- The Teamsters Local purportedly representing the carriage drivers is not a real union shop. Not everyone belongs to it. There was never a vote. What legitimate union puts owners and workers in the same local? It simply does not happen. The Teamsters' role is that of bullies/lobbyists, to put the fear of God in Council Members implying they will work against them in the next election. Consequently, there are no benefits -- no health care, vacation or sick days, 401K's, etc. Nothing. This is what you support.
- When you speak of retirement security - what exactly do you mean - other than the owners keeping their sweet cash only deal while the authorities - yes the City Council - look the other way while the industry pays as little tax as possible. It is corruption.
- But the ones who get a really bad break here are the workers. Most, if not all, are independent contractors - misclassified. They get 1099s and not W2s. They make little and have nothing to save for their "retirement" as you call it. It is up to them to pay their own income tax and Social Security. Those who need health care are often on medicaid.
- The workers should have the opportunity to get a real solid job - possibly in a real union - with benefits and the opportunity to fund a 401k for their retirement. A robust job program, which has been offered (and will be worked out) by the deBlasio administration will really help these workers.
- Why couldn't you wait until the Environmental Impact Study was completed before you decided to "oppose" this bill. Why couldn't you offer to work with the Administration to develop those "good paying jobs with retirement security" -- for everyone - not just the Entitled 68." This would have been a great opportunity for a Republican to be part of this solution.
- Two of the stables are in the path of the Hudson Yards Redevelopment project - one on 37th St. and one on 38th St. Each property is worth about $10,000,000. The owners are waiting for the right time to sell. It will happen - sooner rather than later since redevelopment is moving along. If this bill fails, when the stables are sold, many workers/drivers will lose their jobs, while the owners retire in luxury. It will be too late to provide an alternate industry for them at that point. Many will access public assistance since they are probably not eligible for unemployment insurance. Is this OK with you? In the meantime, you could have been helping them into a real job with benefits.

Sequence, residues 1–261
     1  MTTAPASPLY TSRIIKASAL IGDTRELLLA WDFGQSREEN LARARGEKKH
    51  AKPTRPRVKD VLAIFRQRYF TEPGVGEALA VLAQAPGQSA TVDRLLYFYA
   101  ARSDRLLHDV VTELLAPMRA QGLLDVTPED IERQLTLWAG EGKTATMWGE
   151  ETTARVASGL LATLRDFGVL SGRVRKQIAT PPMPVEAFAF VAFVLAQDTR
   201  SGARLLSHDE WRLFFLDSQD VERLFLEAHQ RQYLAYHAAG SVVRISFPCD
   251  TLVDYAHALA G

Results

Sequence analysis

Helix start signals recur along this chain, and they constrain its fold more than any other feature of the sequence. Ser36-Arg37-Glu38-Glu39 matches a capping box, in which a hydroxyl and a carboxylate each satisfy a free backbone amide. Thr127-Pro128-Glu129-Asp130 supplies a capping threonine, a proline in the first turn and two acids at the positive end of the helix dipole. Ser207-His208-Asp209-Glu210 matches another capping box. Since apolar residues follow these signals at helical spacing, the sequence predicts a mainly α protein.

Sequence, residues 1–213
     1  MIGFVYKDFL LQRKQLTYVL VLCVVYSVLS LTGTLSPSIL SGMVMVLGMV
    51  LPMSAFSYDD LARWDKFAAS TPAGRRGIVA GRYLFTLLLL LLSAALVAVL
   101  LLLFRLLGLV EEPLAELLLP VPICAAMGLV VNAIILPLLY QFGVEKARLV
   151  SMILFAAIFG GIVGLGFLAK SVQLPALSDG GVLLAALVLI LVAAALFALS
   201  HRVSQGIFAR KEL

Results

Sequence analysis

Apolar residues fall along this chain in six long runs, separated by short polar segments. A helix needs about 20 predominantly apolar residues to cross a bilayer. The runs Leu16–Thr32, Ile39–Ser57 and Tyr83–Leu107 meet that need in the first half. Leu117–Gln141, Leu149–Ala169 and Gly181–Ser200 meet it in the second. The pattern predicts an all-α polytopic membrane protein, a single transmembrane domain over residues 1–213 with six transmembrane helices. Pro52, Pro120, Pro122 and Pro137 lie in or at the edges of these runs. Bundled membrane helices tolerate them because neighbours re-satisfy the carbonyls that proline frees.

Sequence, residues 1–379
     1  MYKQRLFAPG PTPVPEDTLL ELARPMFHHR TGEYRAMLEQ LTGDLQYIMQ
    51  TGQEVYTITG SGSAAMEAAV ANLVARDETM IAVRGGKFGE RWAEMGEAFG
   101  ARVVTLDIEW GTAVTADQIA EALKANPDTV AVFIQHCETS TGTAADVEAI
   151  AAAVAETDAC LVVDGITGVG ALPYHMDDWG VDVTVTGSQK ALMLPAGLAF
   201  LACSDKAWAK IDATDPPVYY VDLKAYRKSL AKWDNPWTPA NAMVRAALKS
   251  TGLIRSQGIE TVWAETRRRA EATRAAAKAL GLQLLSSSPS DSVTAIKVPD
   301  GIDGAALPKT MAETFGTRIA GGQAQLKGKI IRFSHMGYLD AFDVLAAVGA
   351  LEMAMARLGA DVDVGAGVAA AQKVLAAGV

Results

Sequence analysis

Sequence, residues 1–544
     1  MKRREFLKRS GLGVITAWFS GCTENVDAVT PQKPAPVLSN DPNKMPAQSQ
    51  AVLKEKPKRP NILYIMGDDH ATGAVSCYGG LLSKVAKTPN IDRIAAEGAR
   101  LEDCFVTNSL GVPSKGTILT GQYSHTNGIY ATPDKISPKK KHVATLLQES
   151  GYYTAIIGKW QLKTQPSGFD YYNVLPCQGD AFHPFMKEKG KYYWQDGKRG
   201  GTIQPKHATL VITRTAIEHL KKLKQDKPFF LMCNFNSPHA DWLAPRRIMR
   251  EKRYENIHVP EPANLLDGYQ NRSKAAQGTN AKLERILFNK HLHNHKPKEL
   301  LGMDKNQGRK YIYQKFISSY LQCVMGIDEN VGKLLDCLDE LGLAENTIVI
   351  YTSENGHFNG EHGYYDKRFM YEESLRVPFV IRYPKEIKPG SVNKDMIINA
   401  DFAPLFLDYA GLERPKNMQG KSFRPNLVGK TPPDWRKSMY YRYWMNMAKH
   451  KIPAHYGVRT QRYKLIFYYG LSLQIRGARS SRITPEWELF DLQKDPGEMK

So Councilman -- this is what you are really supporting because you have some disagreements with the deBlasio administration. Corruption, paltry jobs, questionable union practices -- workers who are forced to go on Medicaid because their incomes are so low they cannot afford insurance.
Did you ever question why the media is mostly on one side of this issue? They are certainly not the experts.
You still have the opportunity to do the right thing and be on the right side of history and support this bill; to make this a more humane city - not just for animals, which many people care about - but for the exploited workers. I believe people look at those in politics with new respect when they change their mind and admit that they were wrong. It is a sign of character. Former Mayor Bloomberg did that when he spoke out in favor of the pedicab business when the carriage owners were trying to ban them.
If you want to read the truth about any of these issues, you will find it here. We are a totally volunteer, grass roots organization, originally founded in 1994 and then focusing on the carriage horse issue in 2006. No salaries - no conflicts of interest.
Very truly yours,
President / Coalition to Ban Horse-Drawn Carriages